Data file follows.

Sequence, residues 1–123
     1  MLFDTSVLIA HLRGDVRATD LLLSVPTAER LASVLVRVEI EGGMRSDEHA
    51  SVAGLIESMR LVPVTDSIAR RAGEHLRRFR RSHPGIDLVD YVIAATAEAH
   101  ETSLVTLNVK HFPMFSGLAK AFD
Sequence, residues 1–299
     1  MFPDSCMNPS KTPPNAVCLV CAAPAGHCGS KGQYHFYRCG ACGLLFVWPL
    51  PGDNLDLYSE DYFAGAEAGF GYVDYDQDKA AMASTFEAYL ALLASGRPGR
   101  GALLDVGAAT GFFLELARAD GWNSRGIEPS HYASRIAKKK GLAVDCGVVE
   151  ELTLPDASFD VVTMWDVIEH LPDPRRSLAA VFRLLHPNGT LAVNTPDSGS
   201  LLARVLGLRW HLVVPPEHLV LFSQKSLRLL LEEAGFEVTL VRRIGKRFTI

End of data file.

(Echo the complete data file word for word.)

Sequence, residues 1–123
     1  MLFDTSVLIA HLRGDVRATD LLLSVPTAER LASVLVRVEI EGGMRSDEHA
    51  SVAGLIESMR LVPVTDSIAR RAGEHLRRFR RSHPGIDLVD YVIAATAEAH
   101  ETSLVTLNVK HFPMFSGLAK AFD
Sequence, residues 1–299
     1  MFPDSCMNPS KTPPNAVCLV CAAPAGHCGS KGQYHFYRCG ACGLLFVWPL
    51  PGDNLDLYSE DYFAGAEAGF GYVDYDQDKA AMASTFEAYL ALLASGRPGR
   101  GALLDVGAAT GFFLELARAD GWNSRGIEPS HYASRIAKKK GLAVDCGVVE
   151  ELTLPDASFD VVTMWDVIEH LPDPRRSLAA VFRLLHPNGT LAVNTPDSGS
   201  LLARVLGLRW HLVVPPEHLV LFSQKSLRLL LEEAGFEVTL VRRIGKRFTI